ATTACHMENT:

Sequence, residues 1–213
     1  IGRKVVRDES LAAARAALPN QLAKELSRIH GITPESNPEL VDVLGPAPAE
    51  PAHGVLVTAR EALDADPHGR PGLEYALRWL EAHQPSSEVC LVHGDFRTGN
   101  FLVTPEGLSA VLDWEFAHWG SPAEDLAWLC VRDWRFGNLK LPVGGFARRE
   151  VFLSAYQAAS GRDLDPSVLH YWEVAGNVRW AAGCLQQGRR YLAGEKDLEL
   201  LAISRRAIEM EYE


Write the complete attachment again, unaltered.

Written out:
Sequence, residues 1–213
     1  IGRKVVRDES LAAARAALPN QLAKELSRIH GITPESNPEL VDVLGPAPAE
    51  PAHGVLVTAR EALDADPHGR PGLEYALRWL EAHQPSSEVC LVHGDFRTGN
   101  FLVTPEGLSA VLDWEFAHWG SPAEDLAWLC VRDWRFGNLK LPVGGFARRE
   151  VFLSAYQAAS GRDLDPSVLH YWEVAGNVRW AAGCLQQGRR YLAGEKDLEL
   201  LAISRRAIEM EYE